On a cool October afternoon in 1974, President Gerald Ford stood before a joint session of Congress and announced America had a new “public enemy No. 1”: inflation.
That month, the consumer price index — which tracks the prices of food, energy and other commodities — rose 12.3%, the biggest increase in nearly four decades. Americans concurred: 80% fretted about the economy being the country’s greatest problem, according to a Gallup poll.
Ford asked Americans to write a list of 10 ways to spend less and share it with their neighbors. The response to the initiative — part of a plan optimistically called “Whip Inflation Now” (WIN) — was initially positive, but enthusiasm quickly deflated and Ford ended up receiving a whipping in the next presidential election.
Nearly four decades later, America is in a similar situation. On July 13, the Bureau of Labor Statistics announced the CPI rose 9.1% over the past year, the sharpest increase since 1981. The cost of gas ballooned by a whopping 60%. Harkening Ford’s words, President Joe Biden declared that “inflation is our most pressing economic challenge”. When politicians make such statements, they often assume people understand what they mean. But what is the actual meaning of inflation?
What is the definition of inflation?
Inflation originally was about the relationship between paper currency and metallic money. In an article on the etymology of inflation, Michael Bryan, a former economist at the Federal Reserve Bank of Cleveland, wrote that it described “a change in the proportion of currency in circulation relative to the amount of precious metal that constituted a nation’s money.” A dollar bill does not have inherent value; its value is representative of money, initially in the form of precious metals, though now it is backed by bonds and other government-held collateral.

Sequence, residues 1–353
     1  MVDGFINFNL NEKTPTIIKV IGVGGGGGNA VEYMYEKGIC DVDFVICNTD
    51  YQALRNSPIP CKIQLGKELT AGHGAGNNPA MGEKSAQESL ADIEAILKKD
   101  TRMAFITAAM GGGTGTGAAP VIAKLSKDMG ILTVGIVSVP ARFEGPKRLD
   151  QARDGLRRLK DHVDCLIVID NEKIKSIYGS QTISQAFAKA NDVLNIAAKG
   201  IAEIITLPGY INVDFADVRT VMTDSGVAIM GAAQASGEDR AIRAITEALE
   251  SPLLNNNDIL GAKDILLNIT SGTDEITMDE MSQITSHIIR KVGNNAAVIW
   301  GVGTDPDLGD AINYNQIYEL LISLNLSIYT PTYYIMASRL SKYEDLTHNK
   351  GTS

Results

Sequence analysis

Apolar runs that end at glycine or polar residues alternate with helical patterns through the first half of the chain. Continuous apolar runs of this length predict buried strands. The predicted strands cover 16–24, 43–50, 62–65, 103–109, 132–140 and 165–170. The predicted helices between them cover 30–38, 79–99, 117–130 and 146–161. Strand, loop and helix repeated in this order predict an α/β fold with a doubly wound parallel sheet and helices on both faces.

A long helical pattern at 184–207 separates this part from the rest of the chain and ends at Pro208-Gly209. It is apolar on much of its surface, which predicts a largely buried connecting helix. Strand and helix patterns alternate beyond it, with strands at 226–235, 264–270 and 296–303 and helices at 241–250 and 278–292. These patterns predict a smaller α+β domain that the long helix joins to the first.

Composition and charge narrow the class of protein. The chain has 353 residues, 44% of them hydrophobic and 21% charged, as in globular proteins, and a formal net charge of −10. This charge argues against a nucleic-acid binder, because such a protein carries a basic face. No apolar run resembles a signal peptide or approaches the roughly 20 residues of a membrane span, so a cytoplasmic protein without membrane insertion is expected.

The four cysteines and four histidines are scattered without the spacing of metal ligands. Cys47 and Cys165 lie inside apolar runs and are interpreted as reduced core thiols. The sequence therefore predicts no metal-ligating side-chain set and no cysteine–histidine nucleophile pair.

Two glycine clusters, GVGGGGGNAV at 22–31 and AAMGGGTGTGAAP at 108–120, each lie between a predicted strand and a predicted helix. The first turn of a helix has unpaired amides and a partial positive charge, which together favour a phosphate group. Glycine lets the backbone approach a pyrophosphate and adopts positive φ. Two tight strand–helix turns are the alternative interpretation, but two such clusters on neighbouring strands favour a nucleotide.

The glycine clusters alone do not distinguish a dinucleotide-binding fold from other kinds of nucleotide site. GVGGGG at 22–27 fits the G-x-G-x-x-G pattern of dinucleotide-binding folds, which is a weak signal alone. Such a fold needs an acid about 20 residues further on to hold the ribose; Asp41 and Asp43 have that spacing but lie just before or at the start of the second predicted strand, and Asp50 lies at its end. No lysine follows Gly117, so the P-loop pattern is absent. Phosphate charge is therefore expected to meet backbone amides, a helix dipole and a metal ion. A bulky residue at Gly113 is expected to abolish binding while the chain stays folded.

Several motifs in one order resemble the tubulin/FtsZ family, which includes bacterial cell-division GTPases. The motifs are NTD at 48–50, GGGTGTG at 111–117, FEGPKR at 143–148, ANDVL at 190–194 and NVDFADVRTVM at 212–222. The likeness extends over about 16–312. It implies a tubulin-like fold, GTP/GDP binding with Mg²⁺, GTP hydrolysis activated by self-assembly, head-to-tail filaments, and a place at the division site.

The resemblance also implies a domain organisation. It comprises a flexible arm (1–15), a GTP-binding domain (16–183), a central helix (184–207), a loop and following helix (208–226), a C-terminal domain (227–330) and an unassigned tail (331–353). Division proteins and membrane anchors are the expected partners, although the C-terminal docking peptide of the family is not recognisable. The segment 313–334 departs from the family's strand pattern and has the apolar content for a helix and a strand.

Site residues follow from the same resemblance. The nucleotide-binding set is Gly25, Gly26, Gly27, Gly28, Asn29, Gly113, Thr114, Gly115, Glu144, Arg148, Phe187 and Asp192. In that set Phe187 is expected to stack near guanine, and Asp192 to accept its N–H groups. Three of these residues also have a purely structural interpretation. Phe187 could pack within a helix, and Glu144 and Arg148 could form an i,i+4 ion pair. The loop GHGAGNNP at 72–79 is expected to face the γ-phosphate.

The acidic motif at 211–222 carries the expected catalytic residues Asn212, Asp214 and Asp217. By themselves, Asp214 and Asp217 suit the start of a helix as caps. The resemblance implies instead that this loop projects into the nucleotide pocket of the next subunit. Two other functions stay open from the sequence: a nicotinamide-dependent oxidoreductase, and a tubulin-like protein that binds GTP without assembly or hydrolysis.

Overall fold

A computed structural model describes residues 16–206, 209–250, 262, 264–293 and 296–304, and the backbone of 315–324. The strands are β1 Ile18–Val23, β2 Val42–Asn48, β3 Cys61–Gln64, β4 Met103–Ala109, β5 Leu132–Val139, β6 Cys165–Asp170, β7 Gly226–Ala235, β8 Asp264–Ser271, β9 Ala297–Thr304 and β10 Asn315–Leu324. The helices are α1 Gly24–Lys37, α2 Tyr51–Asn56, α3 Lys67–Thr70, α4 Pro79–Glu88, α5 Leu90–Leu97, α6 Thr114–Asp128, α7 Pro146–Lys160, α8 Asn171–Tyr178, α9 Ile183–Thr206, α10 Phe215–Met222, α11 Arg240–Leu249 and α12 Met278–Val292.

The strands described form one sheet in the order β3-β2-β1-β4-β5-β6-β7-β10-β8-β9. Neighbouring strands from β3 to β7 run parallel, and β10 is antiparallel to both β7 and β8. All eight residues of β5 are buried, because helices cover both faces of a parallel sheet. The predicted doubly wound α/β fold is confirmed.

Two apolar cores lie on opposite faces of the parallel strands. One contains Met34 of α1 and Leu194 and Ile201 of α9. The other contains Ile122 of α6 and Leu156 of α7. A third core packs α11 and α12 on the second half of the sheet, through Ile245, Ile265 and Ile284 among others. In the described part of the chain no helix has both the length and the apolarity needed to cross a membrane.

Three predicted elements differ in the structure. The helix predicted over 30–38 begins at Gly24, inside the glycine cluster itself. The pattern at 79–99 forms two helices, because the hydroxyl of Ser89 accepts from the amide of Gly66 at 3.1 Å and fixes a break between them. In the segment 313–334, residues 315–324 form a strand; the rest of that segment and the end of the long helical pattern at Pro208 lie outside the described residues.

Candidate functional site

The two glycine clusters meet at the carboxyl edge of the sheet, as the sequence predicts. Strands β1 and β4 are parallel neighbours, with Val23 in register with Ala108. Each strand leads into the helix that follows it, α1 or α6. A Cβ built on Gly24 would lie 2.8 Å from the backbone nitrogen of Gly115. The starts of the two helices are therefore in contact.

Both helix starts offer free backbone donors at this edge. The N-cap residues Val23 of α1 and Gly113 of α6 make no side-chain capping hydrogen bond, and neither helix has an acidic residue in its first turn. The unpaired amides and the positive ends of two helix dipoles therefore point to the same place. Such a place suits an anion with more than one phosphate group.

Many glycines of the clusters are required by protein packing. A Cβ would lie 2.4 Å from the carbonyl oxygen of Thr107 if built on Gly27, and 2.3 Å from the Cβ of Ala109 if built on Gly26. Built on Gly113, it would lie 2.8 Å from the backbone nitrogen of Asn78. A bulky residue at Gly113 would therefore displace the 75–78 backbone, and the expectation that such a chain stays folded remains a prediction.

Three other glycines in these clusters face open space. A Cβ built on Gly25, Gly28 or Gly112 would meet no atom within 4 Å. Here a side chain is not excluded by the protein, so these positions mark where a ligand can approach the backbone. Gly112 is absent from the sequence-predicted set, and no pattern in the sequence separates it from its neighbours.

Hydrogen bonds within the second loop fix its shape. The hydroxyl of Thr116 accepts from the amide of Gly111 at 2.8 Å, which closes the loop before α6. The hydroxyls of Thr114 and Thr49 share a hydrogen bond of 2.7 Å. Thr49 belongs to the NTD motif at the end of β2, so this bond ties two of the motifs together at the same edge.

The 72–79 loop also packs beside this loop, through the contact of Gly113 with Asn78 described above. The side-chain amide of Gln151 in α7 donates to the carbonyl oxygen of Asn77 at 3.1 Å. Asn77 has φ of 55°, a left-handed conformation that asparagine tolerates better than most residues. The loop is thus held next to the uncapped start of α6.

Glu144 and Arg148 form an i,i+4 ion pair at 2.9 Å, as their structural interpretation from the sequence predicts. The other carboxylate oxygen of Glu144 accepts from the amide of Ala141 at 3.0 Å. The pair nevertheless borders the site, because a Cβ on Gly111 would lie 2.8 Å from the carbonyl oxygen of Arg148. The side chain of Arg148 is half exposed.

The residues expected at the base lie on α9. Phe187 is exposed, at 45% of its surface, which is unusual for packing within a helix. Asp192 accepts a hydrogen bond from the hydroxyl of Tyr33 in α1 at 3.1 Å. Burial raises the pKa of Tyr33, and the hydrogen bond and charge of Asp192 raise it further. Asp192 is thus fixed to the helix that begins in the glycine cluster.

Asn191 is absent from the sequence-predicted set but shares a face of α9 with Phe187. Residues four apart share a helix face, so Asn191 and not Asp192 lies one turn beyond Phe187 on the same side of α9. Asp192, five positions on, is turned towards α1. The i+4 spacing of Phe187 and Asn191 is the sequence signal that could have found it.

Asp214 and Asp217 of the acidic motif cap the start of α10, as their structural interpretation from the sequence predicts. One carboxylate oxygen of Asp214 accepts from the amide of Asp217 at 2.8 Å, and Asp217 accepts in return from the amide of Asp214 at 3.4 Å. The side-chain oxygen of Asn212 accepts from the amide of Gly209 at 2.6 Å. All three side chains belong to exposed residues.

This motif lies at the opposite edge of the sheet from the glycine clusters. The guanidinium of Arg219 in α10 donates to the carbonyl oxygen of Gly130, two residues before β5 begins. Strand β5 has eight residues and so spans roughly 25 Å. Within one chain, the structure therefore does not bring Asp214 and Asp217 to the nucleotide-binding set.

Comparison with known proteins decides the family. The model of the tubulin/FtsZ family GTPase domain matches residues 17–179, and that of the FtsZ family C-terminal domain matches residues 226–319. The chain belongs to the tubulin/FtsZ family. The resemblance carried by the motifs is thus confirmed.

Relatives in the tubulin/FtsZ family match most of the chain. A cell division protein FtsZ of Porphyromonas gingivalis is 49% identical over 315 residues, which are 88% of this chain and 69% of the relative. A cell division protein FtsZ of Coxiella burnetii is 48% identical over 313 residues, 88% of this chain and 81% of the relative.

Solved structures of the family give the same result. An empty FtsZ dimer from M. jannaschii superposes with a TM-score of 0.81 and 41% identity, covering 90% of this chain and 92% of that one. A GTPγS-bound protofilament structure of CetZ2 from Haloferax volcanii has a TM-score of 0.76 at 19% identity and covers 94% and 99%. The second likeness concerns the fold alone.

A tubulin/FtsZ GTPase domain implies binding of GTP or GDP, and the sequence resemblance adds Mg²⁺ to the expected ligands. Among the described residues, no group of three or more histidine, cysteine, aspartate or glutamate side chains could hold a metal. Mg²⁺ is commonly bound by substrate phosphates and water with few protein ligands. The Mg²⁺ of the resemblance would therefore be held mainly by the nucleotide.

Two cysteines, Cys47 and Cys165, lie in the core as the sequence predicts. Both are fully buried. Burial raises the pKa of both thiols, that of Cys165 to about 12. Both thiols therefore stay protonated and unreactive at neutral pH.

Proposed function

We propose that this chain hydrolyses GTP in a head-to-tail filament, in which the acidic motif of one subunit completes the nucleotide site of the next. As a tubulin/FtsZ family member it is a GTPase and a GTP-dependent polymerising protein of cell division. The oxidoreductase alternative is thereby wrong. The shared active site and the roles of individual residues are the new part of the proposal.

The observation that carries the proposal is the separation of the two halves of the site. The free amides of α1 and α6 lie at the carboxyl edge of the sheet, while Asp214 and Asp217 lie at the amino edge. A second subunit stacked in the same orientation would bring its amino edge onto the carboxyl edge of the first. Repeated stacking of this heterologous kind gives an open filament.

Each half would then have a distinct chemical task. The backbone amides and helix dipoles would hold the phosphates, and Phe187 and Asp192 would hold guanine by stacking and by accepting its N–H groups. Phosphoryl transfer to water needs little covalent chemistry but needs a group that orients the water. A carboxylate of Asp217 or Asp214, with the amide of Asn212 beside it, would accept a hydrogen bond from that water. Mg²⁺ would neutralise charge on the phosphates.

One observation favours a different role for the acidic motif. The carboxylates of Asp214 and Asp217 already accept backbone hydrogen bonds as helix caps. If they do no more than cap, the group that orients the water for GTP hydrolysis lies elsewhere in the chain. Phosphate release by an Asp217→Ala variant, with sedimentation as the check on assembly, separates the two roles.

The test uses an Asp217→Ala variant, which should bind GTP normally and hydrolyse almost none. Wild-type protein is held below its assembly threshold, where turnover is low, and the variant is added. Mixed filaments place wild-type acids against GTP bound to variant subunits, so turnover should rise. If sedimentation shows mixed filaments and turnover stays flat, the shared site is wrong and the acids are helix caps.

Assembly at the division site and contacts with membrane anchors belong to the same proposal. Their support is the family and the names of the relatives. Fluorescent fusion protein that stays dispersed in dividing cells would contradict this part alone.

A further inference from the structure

What causes inflation?
This definition changed in the early 20th century when inflation became associated with prices of goods and services. The value of a dollar was no longer determined by money —whether gold, bonds or other government securities — but by its purchasing power. In layman’s terms, it means your dollars are worth less than yesterday because they can buy less. (Ever heard a boomer wistfully talking about the good old days when you could buy a bottle of Coke for a nickel?)
Because prices fluctuate, economists have developed indexes like the CPI to calculate the cost of living and track changes — what we now call inflation. Economic policies, such as federal interest rates, try to rein in rampant inflation by discouraging consumer spending and curb rising housing prices. However, foreign exchange rates, interruptions to global supply chains, natural disasters and wars can have a domino effect on prices. For example, Russia’s invasion of Ukraine disrupted global energy markets, causing oil and gas prices to soar.
Inflation is truly a fickle friend — even fear of it can cause a self-destructive spiral of rising wages and prices.
How do you fight inflation?
Governments try to mitigate inflation in several ways. If prices are increasing because of high demand but low supplies, the Federal Reserve can raise interest rates to discourage consumer spending, affording overloaded supply chains a reprieve. But overdoing it risks a recession. Similarly, overstimulating a slow economy by injecting large stimulus packages may leave companies unable to meet demand. This is why some critics have argued that the combined $5 trillion stimulus packages for COVID-19 may have helped clog supply chains and drive inflation up.
Today, there are over a dozen types of inflation with different growth rates and assets that they affect. Stagflation — no relation to deer — happens when prices continue to stubbornly rise despite an economic slump. Most recently, unscrupulous marketers have subtly chipped off the volume of products — say, by reducing a bag of Doritos by half an ounce — while keeping the price the same, which is called “shrinkflation.”